Urquhart said Thursday that his proposal would protect religious groups, including members of the LDS Church, because Utah’s current hate crimes law is too weak to be enforced.
“Under current Utah law, there’s no legal distinction between painting a smiley face on a synagogue or painting a swastika on a synagogue. They’re both treated like mere graffiti,” Urquhart said.
“I apologize to the Jewish community and to the state of Utah that legal protections will not be provided against such threats because of a press release by my church,” he added.
Urquhart quickly left the news conference before taking questions from reporters and disappeared into back rooms of the Capitol.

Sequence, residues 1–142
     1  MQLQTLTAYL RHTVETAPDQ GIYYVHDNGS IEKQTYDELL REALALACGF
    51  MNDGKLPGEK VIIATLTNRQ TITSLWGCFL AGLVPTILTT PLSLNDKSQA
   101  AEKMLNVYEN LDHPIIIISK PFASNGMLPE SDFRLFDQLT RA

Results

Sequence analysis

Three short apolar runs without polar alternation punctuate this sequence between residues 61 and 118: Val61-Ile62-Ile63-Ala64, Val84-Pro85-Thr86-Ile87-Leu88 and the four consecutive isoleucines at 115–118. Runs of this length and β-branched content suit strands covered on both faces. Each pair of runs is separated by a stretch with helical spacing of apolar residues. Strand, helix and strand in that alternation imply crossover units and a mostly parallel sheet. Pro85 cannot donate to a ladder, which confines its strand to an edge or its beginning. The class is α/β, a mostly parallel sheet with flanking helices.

His proposal was approved last week by a Senate committee and is awaiting a vote by the full Senate that is not expected to happen at least until next week.
Urquhart’s supporters said they’ll still push forward with the legislation but acknowledged it may not happen this year.
Utah is one of 15 states with hate crime laws that lack protections for sexual orientation and identity, according to the Human Rights Campaign.
The current law does not spell out any protected groups but instead speaks generally about crimes that cause a person to fear they cannot freely exercise their constitutional rights.
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